Despite appeals by some lawmakers and community leaders for compliance, the current harvest holiday of Sukkot has presented another opportunity to defy the lockdown. After the weeklong holiday began on Friday, Israeli news outlets aired images of packed synagogues.
“It disturbs us,” Israel’s coronavirus czar Ronni Gamzu said last week of the high morbidity, after revealing the ultra-Orthodox made up 40% of the country’s total cases.
The ultra-Orthodox have been at the center of the outbreak since it began in the spring. They tend to live in poor, crowded neighborhoods where sickness can quickly spread. Synagogues, the centerpiece of social life, bring men together to pray and socialize in small spaces.
Large parts of the community are adhering to rules. But some ultra-Orthodox view the restrictions as a greater threat than the virus, fearing the lockdown restrictions will undermine their way of life.
The cloistered community has long been separate from mainstream Israeli life, with children studying scripture but very little math and English. Men are granted exemptions from military service, which is compulsory for other Jews, and some avoid the workforce while collecting welfare stipends to continue to study full time.
The community’s representatives in parliament have acted as kingmakers, granting them disproportionate political power.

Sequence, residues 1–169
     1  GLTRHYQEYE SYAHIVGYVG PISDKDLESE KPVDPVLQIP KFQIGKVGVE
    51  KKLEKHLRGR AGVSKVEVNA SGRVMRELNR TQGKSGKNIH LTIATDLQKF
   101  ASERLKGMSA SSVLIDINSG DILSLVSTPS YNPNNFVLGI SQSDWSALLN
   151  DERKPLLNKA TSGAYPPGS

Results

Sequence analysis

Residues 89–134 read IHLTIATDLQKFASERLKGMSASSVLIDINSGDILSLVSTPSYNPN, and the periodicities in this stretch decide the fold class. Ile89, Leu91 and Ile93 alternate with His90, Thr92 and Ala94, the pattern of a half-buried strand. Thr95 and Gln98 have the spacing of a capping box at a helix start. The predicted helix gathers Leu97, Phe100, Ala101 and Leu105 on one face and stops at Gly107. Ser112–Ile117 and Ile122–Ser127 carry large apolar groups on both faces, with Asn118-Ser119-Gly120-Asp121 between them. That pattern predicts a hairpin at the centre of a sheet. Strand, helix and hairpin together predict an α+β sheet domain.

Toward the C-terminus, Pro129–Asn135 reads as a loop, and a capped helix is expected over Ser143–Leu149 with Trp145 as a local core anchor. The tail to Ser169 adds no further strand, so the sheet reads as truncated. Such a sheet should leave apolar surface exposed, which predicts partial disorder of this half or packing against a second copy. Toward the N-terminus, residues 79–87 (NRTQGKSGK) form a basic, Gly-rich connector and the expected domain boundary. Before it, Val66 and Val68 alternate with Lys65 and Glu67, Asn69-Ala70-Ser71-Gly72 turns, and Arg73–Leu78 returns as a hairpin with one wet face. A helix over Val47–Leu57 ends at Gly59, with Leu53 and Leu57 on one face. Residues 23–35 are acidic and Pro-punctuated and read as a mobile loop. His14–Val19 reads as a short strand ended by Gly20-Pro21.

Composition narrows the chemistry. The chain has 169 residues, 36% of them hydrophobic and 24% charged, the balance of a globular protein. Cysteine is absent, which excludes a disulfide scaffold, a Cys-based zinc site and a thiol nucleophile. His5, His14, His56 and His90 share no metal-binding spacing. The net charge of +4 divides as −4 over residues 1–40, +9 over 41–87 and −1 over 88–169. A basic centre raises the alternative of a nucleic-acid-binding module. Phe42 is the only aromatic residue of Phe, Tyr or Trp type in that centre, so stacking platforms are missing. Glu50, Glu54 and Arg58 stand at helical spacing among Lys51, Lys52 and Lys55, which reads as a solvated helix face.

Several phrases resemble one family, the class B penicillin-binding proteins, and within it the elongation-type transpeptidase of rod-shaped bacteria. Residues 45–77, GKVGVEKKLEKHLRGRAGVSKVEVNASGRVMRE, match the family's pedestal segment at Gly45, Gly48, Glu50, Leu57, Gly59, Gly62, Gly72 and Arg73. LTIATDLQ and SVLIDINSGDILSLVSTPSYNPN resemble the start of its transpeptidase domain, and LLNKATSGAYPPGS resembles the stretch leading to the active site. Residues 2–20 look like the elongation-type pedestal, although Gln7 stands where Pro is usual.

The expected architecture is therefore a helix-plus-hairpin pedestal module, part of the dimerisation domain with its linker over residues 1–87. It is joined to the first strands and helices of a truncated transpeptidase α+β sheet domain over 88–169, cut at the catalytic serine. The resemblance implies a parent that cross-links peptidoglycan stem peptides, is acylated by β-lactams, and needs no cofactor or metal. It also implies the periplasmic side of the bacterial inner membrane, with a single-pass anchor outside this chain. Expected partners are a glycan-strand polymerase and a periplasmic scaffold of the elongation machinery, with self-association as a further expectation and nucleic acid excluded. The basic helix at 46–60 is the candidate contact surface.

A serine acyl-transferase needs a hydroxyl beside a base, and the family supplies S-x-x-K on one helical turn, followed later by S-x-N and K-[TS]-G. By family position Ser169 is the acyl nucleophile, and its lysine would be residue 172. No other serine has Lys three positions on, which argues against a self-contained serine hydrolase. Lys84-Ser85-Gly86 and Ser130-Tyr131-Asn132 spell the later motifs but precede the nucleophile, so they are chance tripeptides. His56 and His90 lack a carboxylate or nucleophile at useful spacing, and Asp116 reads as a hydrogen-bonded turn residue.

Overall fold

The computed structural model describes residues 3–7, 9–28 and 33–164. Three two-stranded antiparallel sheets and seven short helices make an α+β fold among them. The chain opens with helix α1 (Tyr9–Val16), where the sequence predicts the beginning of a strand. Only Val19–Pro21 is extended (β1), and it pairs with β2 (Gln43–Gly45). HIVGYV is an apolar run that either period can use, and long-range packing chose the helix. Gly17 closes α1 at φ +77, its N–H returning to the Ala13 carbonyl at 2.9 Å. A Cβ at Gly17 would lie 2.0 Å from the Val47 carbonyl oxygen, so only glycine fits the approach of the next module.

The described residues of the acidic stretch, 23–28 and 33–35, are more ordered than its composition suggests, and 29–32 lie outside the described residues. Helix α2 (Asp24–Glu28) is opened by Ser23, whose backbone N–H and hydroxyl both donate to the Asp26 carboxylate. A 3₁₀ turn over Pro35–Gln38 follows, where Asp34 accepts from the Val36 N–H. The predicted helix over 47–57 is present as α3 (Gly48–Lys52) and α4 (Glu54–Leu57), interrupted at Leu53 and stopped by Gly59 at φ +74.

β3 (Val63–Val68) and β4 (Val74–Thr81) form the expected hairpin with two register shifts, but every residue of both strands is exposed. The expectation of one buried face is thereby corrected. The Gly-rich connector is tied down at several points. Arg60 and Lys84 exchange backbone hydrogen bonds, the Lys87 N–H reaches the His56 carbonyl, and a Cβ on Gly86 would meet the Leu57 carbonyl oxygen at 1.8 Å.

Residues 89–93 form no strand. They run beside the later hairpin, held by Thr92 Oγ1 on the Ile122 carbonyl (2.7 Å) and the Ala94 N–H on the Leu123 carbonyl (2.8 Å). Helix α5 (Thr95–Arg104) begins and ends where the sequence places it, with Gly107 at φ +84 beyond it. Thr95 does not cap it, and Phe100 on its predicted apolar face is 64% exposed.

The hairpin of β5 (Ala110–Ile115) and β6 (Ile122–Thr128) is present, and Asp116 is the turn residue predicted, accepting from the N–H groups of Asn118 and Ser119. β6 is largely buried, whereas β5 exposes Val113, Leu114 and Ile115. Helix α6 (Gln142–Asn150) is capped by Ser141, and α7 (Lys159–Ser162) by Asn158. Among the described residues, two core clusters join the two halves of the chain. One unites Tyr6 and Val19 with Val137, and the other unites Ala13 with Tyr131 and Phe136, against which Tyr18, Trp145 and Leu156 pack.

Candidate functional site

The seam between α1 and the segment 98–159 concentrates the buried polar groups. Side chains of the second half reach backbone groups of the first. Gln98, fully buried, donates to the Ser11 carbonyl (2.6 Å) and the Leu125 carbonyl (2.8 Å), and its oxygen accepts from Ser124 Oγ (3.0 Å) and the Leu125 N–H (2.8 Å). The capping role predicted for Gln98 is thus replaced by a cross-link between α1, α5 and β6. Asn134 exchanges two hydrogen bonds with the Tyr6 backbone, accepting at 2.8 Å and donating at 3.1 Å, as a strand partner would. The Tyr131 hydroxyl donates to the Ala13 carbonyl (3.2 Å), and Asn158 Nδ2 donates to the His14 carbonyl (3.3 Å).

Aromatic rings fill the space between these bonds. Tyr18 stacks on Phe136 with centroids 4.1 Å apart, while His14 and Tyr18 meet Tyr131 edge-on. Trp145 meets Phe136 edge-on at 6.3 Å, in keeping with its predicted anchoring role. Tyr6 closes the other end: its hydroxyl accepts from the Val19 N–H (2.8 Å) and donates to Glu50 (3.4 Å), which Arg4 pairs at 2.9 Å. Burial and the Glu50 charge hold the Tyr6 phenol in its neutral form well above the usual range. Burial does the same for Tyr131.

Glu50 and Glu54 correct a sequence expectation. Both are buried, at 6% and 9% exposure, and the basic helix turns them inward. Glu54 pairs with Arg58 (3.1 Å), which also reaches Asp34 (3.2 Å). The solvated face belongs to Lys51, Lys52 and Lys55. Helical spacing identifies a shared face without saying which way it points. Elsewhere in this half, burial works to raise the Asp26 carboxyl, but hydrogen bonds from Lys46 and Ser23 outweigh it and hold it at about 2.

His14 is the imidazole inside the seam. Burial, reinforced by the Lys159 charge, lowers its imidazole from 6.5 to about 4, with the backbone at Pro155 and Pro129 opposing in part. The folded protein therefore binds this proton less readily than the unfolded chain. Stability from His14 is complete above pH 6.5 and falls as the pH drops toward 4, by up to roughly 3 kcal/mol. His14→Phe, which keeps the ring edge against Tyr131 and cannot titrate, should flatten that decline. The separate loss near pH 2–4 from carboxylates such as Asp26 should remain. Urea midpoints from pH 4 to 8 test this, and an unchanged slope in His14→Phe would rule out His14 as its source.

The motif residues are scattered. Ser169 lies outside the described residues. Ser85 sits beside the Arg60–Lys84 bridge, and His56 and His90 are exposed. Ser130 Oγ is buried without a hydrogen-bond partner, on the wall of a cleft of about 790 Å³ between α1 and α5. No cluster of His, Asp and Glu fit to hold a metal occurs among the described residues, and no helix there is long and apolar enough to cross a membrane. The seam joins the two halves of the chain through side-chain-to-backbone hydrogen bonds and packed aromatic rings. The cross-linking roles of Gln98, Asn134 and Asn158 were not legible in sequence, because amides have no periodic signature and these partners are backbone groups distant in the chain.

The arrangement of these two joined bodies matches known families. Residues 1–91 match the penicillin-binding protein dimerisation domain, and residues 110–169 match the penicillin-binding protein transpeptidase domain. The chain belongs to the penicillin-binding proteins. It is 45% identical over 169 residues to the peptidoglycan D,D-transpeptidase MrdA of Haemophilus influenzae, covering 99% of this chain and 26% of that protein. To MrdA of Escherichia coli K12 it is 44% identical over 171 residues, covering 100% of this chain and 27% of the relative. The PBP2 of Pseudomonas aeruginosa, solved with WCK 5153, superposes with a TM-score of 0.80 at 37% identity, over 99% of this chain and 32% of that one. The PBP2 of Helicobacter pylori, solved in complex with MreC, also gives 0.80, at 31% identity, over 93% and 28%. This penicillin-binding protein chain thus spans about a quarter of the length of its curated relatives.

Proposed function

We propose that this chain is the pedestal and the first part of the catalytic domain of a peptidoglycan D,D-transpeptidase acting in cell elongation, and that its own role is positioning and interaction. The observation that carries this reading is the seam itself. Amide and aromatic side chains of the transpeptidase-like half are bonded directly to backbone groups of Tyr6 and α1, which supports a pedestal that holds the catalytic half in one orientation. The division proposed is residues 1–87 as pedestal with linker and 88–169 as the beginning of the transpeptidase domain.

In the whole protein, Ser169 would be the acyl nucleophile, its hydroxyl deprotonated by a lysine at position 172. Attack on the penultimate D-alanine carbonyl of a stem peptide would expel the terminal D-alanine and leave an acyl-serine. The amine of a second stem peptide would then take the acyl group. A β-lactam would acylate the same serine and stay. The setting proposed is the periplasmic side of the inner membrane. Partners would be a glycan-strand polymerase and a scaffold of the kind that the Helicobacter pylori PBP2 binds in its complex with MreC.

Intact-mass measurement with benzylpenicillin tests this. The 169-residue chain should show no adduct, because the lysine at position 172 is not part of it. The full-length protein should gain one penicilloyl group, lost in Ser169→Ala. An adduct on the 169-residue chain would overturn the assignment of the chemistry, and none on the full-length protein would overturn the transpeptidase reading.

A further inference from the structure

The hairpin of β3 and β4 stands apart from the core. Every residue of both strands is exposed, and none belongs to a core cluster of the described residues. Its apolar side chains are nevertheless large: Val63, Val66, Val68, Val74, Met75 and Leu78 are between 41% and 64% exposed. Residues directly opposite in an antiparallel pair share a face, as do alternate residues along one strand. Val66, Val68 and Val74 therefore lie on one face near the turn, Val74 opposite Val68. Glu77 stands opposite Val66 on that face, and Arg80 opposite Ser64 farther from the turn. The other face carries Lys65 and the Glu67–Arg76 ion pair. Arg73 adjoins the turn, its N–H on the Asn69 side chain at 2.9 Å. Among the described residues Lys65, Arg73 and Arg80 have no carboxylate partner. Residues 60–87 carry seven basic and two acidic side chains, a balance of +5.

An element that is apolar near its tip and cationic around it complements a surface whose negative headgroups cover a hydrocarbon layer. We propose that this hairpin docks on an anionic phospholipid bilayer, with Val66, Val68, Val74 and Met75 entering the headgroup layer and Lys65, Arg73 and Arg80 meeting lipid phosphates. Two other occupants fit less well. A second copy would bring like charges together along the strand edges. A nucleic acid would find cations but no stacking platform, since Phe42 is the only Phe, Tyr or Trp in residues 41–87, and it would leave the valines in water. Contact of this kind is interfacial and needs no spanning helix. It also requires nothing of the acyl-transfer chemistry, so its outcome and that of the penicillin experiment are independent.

Netanyahu has been slammed for his handling of the coronavirus crisis, including for having imposed virus restrictions that critics say favor his ultra-Orthodox partners.
Gamzu had pushed for targeted lockdowns in early September, focused on areas with worrying outbreaks, including many ultra-Orthodox communities.
But after fierce pressure from ultra-Orthodox leaders, Netanyahu decided against such measures and instead imposed a nationwide lockdown weeks later.
“Netanyahu is so afraid of his Haredi partners that he announced he was locking down the whole country without the whole country needing a lockdown,” opposition leader Yair Lapid told The Associated Press.
Pointing to continued mass weddings and study sessions among the religious, Lapid said that “before they harm the general public, they are harming themselves,.”
Secular Israelis have watched with exasperation as police have ticketed individuals not wearing masks or restaurants opening in defiance of the rules, while seemingly turning a blind eye to the transgressions of the ultra-Orthodox. In recent days, however, police have begun to crack down on religious scofflaws as well.
Netanyahu’s opponents also accuse him of trying to squash the persistent protests against him, including outside his Jerusalem home, under the guise of the nationwide lockdown.
Experts say any gains made in recent years at integrating the ultra-Orthodox into Israeli society - a crucial step to ensure the sustainable growth of Israel’s economy - could be wiped out by the renewed bitterness wrought by the virus.
“The coronavirus will disappear at some point,” said Yedidia Stern, an expert on religion and state at the Israel Democracy Institute, a Jerusalem think tank. “But what kind of society will we be after it?”